Longer and more frequent TV ad breaks could be on the as broadcasters feel revenue squeeze, Ofcom says 1 month ago

Longer and more frequent TV ad breaks could be on the as broadcasters feel revenue squeeze, Ofcom says

The likes of ITV and Channel 4 are currently limited to an average of seven minutes of adverts an hour

Ofcom has suggested advertising breaks on UK television channels could get longer and more frequent as part of a review of its rules.

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The broadcast regulator said that changes in viewing habits and the rise of streaming services mean that the frequency and length of advertising will be looked at.

In a report, the regulator said: "We are also looking at the rules that set the frequency and length of advertising on broadcast TV.

"These rules are complex, with limits in place for public service broadcasters that are stricter than the rules set for commercial broadcasters.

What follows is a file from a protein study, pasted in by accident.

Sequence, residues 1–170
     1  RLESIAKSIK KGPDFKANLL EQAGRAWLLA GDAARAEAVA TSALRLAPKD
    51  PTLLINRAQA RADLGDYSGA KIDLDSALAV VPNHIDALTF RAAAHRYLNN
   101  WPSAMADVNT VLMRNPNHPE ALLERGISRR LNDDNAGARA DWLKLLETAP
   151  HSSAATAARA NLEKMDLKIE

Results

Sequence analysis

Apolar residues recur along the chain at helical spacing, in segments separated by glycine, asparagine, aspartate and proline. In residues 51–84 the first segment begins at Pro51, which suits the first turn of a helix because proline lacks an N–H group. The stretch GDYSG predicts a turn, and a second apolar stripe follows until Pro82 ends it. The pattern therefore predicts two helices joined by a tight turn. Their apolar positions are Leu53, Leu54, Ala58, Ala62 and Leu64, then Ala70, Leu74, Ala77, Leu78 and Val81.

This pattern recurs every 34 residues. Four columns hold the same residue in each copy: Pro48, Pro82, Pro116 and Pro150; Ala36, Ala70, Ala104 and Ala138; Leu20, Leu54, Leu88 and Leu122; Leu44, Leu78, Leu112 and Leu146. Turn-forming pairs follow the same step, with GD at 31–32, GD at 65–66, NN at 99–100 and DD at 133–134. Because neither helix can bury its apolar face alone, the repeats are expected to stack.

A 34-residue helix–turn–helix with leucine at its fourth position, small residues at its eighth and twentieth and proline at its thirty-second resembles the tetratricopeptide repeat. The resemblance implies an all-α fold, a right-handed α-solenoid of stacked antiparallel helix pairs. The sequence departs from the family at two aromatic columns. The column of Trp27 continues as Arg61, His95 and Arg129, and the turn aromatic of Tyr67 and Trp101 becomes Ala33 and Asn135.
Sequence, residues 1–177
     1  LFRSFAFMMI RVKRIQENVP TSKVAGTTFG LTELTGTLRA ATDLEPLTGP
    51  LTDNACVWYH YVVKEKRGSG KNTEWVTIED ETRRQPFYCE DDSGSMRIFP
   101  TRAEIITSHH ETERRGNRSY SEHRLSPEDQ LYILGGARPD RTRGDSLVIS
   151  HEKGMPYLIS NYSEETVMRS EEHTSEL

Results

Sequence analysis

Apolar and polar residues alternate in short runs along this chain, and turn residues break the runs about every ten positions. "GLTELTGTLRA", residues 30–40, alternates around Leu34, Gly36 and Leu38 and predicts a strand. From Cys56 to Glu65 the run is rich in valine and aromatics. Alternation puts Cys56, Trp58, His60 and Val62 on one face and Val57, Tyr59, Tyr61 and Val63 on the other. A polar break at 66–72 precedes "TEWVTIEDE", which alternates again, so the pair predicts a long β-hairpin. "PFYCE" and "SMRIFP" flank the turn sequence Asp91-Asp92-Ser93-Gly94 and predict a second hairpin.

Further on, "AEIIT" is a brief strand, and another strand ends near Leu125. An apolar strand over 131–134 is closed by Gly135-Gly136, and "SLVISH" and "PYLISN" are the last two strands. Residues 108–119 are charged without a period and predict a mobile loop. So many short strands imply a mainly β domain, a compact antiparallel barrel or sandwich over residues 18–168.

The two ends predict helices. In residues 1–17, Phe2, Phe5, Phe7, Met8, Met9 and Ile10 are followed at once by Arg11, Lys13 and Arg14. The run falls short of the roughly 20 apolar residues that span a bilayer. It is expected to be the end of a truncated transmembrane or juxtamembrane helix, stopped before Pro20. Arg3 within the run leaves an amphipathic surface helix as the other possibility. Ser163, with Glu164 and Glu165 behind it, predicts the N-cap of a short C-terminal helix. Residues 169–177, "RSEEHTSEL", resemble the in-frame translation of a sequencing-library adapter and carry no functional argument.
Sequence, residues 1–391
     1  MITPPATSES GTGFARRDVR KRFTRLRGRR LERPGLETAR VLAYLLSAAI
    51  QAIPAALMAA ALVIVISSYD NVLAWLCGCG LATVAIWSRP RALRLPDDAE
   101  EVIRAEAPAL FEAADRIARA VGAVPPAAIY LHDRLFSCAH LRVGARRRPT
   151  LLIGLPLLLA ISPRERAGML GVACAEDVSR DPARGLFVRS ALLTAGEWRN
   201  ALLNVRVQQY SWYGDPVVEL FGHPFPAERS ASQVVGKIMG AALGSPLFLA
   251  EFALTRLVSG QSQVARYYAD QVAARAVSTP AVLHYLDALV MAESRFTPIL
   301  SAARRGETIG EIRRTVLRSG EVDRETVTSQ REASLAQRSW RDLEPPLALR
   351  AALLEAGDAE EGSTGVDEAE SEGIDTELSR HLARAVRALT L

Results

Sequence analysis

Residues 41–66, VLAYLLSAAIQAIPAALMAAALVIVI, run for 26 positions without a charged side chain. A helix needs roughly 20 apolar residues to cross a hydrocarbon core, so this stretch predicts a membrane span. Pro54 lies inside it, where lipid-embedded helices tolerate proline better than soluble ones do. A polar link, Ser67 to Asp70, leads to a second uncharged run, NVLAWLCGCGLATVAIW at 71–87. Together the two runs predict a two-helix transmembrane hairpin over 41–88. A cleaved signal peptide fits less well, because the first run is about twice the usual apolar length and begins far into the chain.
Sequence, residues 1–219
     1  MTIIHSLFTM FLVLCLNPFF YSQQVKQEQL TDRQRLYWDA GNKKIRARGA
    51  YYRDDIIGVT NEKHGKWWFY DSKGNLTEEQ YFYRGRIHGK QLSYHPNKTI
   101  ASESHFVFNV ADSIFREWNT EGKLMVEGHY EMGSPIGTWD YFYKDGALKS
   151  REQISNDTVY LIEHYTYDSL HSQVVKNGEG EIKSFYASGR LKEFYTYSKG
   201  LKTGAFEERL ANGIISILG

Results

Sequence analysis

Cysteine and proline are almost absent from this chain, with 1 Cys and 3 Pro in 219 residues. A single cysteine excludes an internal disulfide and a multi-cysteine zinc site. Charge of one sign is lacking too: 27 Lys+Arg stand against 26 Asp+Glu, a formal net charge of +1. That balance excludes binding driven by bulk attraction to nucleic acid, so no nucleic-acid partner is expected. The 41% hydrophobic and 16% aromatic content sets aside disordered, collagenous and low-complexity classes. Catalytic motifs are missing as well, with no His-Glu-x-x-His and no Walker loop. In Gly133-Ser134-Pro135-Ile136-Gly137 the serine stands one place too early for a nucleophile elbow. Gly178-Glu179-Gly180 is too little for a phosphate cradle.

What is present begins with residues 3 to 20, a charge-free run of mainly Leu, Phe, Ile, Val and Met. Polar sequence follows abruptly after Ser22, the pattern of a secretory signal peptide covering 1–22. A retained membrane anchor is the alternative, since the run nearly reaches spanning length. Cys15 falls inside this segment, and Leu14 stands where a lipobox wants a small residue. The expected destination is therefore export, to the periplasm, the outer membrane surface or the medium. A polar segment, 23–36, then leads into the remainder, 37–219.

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"We have had initial discussions with stakeholders, and we expect to be able to outline our next steps later this summer."

Current rules mean that channels three, four and five (ITV, Channel 4 and Channel 5) are limited to an average of seven minutes of adverts per hour of broadcasting each day.

During prime time periods of 18:00-23:00 and 07:00-09:00, these channels can run advertising breaks up to eight minutes per hour.

Other channels are allowed a maximum of nine minutes of advertising per hour of television.

A spokesman for Ofcom said: "We're scoping a range of options, but before we form any plans we'll listen to different views and examine what TV viewers say.

"We need to strike the right balance between protecting viewers' interests and sustaining our traditional broadcasters, which includes helping them compete with American streaming platforms."

More details about the potential changes are expected later in the summer.

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In June, Netflix's CEO Ted Sarandos confirmed that the streaming platform would be introducing adverts for people who want to pay less for the service.

The platform has struggled in recent months, and Sarandos said the new "ad tier" would be for "folks who say 'Hey, I want a lower price and I’ll watch ads'."

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